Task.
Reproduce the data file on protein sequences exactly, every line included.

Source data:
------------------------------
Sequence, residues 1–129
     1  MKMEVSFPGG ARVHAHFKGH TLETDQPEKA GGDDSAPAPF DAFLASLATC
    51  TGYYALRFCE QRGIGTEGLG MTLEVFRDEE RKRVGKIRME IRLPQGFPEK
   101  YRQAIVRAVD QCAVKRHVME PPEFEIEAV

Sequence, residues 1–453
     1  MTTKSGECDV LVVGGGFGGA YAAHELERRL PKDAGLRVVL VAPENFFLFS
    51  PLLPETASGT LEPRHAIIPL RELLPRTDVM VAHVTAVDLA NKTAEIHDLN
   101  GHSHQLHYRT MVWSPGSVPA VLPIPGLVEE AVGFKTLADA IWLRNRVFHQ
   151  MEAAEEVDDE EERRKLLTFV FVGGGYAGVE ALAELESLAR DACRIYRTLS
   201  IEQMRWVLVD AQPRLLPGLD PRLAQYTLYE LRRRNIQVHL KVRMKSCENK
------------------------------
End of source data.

Sequence, residues 1–129
     1  MKMEVSFPGG ARVHAHFKGH TLETDQPEKA GGDDSAPAPF DAFLASLATC
    51  TGYYALRFCE QRGIGTEGLG MTLEVFRDEE RKRVGKIRME IRLPQGFPEK
   101  YRQAIVRAVD QCAVKRHVME PPEFEIEAV

Sequence, residues 1–453
     1  MTTKSGECDV LVVGGGFGGA YAAHELERRL PKDAGLRVVL VAPENFFLFS
    51  PLLPETASGT LEPRHAIIPL RELLPRTDVM VAHVTAVDLA NKTAEIHDLN
   101  GHSHQLHYRT MVWSPGSVPA VLPIPGLVEE AVGFKTLADA IWLRNRVFHQ
   151  MEAAEEVDDE EERRKLLTFV FVGGGYAGVE ALAELESLAR DACRIYRTLS
   201  IEQMRWVLVD AQPRLLPGLD PRLAQYTLYE LRRRNIQVHL KVRMKSCENK